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This webinar challenges current thinking about how to set appropriately ambitious and measurable behavioral goals in light of the 2017 Endrew F. v. Douglas County School District decision by the United States Supreme Court. Dr. Teri A. Marx from the National Center on Intensive Intervention and the PROGRESS Center, as well as Dr. Faith G. Miller from the University of Minnesota—Twin Cities, share how to set ambitious behavioral goals for students by using a valid, reliable progress monitoring measure, and how to write measurable and realistic goals focused on the replacement behavior.
This resource from the TIES Center was developed by Erik Carter and Elizabeth Biggs to highlight how schools can create a place of belonging for every student. As defined in the guide, belonging is experienced when students are present, invited, welcomed, known, accepted, involved, supported, heard, befriended, and needed.
The Your Journey to Self-determination Series from CADRE includes six interactive self-directed courses that provide relatively short introductions to key concepts and skills needed to support students in becoming self-determined and engaging in their educational planning. Facilitation materials are also available.
This course is intended to explain the Individuals with Disabilities Education Act (IDEA) requirements for measurable annual goals and the critical role of measurable annual goals in the development of a high-quality individualized education program (IEP). The course describes the three essential elements of a measurable annual goal, identifies tips for developing measurable annual goals that promote progress, and shares resources for learning more. This course is part of a larger series on IEPs. Additional modules will be added over time.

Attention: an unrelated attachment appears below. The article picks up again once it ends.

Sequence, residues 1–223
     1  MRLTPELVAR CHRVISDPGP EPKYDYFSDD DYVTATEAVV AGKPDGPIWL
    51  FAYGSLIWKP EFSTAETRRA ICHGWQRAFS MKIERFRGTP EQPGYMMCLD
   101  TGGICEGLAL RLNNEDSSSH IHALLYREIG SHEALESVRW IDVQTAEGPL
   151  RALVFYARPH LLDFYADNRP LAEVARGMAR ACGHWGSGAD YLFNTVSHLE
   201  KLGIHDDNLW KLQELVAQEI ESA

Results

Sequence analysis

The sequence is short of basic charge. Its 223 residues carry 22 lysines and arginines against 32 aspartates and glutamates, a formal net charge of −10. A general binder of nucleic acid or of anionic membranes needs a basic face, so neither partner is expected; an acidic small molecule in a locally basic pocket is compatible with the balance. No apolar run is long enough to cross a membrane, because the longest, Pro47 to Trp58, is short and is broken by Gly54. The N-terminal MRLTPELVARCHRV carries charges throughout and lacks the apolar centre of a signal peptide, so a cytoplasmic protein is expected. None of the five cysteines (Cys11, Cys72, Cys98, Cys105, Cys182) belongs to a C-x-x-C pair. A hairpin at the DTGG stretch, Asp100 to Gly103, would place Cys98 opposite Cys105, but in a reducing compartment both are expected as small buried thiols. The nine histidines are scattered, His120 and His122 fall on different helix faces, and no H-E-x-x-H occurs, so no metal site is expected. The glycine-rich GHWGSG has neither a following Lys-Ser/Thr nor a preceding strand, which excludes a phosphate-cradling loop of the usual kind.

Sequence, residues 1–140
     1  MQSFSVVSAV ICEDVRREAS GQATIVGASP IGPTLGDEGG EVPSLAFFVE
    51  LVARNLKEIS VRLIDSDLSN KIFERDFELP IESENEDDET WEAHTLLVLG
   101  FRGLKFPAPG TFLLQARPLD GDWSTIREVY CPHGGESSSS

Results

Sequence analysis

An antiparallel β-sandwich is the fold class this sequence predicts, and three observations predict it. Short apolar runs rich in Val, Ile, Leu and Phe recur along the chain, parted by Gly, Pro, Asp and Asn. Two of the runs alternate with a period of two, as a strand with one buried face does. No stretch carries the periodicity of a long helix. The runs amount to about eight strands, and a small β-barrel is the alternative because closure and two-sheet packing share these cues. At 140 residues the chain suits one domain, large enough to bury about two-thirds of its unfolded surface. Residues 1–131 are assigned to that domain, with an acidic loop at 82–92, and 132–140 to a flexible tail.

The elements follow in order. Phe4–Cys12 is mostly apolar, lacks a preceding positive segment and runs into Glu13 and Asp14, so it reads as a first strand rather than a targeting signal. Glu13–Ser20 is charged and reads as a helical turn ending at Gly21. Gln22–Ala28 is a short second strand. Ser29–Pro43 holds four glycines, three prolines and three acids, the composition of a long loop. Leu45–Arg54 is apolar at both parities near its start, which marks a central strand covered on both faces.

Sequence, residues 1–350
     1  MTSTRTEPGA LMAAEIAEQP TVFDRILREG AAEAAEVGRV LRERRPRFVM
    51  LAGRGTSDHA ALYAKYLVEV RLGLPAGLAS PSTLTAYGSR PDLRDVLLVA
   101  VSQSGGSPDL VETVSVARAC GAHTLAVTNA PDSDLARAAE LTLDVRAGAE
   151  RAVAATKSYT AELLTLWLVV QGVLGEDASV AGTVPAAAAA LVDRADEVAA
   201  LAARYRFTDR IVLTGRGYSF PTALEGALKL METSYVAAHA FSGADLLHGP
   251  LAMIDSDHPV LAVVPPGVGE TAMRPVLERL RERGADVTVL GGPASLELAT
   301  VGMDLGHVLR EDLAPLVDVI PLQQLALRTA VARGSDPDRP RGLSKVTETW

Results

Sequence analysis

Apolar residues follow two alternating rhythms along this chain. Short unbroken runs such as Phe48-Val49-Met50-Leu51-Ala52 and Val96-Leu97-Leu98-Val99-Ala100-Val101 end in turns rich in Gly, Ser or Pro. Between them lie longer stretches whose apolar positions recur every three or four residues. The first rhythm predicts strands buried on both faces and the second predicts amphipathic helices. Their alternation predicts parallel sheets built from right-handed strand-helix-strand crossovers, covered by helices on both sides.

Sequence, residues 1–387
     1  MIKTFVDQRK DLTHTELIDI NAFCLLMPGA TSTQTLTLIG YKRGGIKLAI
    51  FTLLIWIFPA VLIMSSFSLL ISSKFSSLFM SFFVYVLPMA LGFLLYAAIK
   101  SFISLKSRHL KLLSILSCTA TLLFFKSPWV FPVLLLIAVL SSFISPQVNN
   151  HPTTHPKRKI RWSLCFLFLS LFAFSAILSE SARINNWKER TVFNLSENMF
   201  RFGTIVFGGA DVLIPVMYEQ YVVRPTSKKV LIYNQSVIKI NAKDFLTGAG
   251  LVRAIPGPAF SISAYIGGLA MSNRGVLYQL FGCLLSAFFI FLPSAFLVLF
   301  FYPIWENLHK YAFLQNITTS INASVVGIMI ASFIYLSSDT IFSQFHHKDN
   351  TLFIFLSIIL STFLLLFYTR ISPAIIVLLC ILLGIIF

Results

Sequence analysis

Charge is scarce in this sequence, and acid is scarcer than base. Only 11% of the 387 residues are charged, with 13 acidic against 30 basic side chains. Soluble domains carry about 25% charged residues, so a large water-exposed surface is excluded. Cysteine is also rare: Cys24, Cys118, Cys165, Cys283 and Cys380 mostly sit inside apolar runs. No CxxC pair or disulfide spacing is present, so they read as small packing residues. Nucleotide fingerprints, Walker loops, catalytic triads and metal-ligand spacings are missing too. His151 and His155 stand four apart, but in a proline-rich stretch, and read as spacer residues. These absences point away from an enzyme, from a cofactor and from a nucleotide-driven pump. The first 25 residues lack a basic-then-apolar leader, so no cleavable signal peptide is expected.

This webpage and series of practice guides includes practical resources on assessment and instruction for children and youth with deaf-blindness. The Info Topics covered on the educational practices webpage, contain a collection of information and resources developed by researchers and practitoners.
Deaf-blindness is a rare condition in which an individual has combined hearing and vision loss, thus limiting access to both auditory and visual information. This webpage provides an introduction to deaf-blindness—it's causes, and the diversity of the population of children who are deaf-blind. It includes an overview and links to additional resources on the following aspects of deaf-blindness for children and youth:
- What is deaf-blindness?
- Profiles of children who are deaf-blind
- Vision and hearing characteristics
This course from the National Center on Intensive Intervention provides the foundational information for users interested in learning more about intensive intervention and the DBI process. The module defines intensive intervention and DBI, describes how intensive intervention fits within a tiered system such as MTSS, RTI, or PBIS, demonstrates how intensive intervention can provide a systemic process to deliver specialized instruction for students with disabilities, and provides two case examples to allow viewers to apply new knowledge.